Many people love a surprise, but surprises related to health insurance and other employee benefits are not usually well received. Open enrollment is a prime opportunity to not only help employees with their insurance needs, but also to provide them with the information that they need regarding coverage changes, when they should receive their ID cards, and other concerns. This is not a time to wing it, having a well-structured plan is the best way to approach employee benefits. As a result, your staff will feel more confident and relaxed while your employees will be better informed.
Here is a briefing on the basics of the AHCA and it’s potential impact to Employers and Consumers.
Interested in learning more, click the link below:
Yesterday, the American Health Care Act (AHCA) was published and here is our analysis for what it means.
Here is some initial media coverage on the American Healthcare Act. We are working on a more detailed analysis that will be communicating it shortly.
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As the implications of health care reform become more apparent, large employers are increasingly grappling with coverage options to avoid the penalties. Over the past few months, there has been considerably more attention paid to the problems faced by the staffing industry and similar employers as these temporary and variable hour employees are generally common law employees of the organization, and ultimately such companies are on the hook as it relates to offering health coverage.
One option some employers are looking at is the offer of a “no minimum value plan” – this is a group health plan that provides medical care, but may not satisfy the 60% minimum value threshold. Granted, if an employer offers such a plan that is not minimum value, an employee may apply for a tax credit at the exchange and this could trigger a $3,000 penalty ($3,000 for any full-time employee that receives a tax credit), but this penalty would be lower than the penalty associated with not offering any health plan at all (the $2,000 penalty/every full-time employee).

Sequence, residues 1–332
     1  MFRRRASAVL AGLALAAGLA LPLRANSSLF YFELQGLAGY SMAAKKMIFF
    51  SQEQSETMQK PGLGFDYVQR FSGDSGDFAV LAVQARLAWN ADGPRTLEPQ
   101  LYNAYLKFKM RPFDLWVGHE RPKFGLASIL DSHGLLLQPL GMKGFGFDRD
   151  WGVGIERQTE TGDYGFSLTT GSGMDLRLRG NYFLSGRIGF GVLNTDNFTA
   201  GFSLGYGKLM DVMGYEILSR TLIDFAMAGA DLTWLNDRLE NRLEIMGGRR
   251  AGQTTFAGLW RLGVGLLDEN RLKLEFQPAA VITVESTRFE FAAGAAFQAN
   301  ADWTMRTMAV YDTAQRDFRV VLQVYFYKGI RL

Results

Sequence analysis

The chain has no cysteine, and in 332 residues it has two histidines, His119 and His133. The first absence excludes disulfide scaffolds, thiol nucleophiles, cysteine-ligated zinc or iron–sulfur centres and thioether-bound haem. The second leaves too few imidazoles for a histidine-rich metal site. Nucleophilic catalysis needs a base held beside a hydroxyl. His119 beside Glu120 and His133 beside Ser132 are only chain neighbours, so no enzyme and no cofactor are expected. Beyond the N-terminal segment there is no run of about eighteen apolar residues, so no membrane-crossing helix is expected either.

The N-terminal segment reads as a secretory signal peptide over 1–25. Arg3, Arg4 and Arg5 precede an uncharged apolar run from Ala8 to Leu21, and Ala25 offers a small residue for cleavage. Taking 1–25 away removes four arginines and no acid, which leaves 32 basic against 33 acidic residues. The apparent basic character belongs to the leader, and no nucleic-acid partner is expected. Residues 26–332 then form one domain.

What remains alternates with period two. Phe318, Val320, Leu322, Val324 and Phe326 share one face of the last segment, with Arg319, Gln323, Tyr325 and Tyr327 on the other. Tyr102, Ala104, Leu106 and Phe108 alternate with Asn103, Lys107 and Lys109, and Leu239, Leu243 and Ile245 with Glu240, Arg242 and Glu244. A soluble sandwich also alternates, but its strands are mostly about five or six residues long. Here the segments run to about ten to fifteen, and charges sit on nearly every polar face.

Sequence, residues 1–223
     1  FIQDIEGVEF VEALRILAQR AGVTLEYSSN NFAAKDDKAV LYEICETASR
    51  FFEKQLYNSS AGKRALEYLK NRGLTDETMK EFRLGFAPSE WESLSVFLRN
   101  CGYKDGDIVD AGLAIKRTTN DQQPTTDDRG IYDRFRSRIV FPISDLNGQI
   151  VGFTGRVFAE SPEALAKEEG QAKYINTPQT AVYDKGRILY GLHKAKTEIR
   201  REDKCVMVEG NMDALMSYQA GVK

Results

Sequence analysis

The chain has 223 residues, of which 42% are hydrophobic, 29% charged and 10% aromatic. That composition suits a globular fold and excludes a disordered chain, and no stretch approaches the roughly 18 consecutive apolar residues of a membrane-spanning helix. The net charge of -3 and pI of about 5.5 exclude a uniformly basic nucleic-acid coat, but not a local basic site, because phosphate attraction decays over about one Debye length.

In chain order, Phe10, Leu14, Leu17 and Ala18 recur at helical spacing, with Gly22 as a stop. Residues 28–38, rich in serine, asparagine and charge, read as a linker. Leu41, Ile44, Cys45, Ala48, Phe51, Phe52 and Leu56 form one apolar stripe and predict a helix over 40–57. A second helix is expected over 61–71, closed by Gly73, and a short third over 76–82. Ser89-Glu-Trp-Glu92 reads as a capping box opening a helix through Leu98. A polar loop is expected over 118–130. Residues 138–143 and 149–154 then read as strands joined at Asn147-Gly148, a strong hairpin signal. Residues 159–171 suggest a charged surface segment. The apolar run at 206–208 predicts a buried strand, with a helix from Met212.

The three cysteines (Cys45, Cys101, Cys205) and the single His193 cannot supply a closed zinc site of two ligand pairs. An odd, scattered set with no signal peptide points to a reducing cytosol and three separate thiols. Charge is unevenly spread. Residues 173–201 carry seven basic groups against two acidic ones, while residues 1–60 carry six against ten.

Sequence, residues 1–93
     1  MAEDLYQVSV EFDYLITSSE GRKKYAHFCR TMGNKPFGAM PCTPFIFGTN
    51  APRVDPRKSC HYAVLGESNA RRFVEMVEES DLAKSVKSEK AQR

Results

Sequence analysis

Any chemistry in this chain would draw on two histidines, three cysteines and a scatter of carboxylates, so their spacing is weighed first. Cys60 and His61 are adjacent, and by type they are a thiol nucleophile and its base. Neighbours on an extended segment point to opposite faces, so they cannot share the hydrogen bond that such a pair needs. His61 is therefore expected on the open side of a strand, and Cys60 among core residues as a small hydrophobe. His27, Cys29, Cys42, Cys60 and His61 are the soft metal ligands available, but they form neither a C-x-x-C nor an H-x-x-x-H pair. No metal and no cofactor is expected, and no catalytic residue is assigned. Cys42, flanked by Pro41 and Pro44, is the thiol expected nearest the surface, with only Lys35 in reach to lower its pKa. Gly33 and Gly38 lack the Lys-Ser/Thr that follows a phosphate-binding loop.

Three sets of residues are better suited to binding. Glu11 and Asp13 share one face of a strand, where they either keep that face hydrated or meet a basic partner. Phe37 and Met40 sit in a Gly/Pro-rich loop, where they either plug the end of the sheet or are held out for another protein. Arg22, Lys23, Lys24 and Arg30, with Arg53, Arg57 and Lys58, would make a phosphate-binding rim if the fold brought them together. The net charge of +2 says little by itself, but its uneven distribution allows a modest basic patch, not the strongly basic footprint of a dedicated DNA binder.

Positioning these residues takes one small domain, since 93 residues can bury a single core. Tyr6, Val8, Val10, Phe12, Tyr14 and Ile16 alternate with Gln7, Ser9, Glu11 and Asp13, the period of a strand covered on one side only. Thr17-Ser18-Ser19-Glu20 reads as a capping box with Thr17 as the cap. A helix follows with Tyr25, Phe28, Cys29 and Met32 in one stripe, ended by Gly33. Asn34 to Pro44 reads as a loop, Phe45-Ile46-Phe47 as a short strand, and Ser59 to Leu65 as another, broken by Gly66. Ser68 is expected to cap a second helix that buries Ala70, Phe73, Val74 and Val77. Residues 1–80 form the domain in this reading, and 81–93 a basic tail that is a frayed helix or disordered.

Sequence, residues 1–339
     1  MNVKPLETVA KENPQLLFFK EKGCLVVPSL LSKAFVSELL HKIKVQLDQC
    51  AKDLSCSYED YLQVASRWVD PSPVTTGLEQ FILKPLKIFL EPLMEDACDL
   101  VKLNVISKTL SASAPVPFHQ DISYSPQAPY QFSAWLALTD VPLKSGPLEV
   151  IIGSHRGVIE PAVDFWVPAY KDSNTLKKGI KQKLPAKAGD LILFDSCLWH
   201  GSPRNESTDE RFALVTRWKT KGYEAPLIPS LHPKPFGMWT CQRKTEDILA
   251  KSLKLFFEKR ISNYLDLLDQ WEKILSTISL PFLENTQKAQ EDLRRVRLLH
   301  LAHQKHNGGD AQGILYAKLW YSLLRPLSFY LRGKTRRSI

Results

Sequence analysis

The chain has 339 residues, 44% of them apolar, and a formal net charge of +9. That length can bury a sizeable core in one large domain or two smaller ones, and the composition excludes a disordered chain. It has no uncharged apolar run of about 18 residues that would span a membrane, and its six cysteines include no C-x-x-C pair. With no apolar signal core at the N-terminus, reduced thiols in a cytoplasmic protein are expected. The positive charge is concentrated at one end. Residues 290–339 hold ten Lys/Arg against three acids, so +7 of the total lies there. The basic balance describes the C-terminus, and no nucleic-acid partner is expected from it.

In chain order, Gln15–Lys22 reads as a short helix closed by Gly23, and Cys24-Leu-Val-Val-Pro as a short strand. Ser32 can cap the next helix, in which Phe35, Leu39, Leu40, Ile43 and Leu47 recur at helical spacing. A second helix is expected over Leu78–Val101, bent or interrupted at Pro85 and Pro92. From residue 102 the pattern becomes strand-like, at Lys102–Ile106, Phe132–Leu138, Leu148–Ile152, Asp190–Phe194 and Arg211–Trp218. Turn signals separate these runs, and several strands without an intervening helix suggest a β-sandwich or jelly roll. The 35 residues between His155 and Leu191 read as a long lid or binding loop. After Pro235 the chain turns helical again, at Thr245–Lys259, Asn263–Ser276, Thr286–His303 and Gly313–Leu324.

These types of plans are starting to make their way into the market for just this reason – as a viable alternative to staffing companies and/or other companies that operate in a similar fashion. At the end of the day, it allows employers to satisfy the coverage requirement under the Patient Protection and Affordable Care Act (PPACA) and avoid the hefty penalty associated with that option. So, it minimizes the risk financially. Also, if employees accept the “skinny” plan, they will not be penalized with the individual tax penalty currently in effect for not having coverage – in some respects, a win-win for both parties.
Some employers are using a modified version of this strategy. These employers offer employees two options: (1) a skinny plan, and (2) a richer option with a premium contribution cost that just barely meets the 9.5% wage threshold, which few low income employees are expected to take. This strategy enables employees to opt for the skinny plan that they can afford, while the offer of the richer option immunizes the employer from the play or pay penalties.
A third strategy is to simply offer the richer option and allow it to be unaffordable. For example, the plan could be offered on a fully contributory (i.e., employee pays all) or nearly fully contributory basis. This strategy avoids the “no offer” penalty, although the employer is still liable for the “unaffordable” penalty, but only with respect to those employees granted a premium tax credit.
Keep in mind, these strategies are aggressive. There are those who argue the skinny plans will not provide sufficient coverage to satisfy the “minimum essential” coverage criteria, but under the current regulations, it seems a possibility. Eventually, these plans may not pass muster, but for now there is nothing definitive against going this route so it is something to consider.
The Obama administration announced today that it will extend the deadline for the implementation of the health care mandate for medium sized businesses to 2016.
Employers with 50 – 99 workers are given a two year reprieve on offering health care to their full-time employees. Requirements for companies with 100 or more workers are reduced by 25%.
Larger employer (over 100 employees) are also seeing their requirement to offer health care to their full-time employees reduced from 95% to 70%.
The administration claims that stratifying the two phase-ins for businesses across America will ease the financial and administrative burdens for employers who have not offered health insurance benefits in the past.
The move today was well received by the majority of the business community. Most believe the postponements will allow employers additional time to understand the applicable rulings that will affect their businesses.
For the full Washington Post Article, click here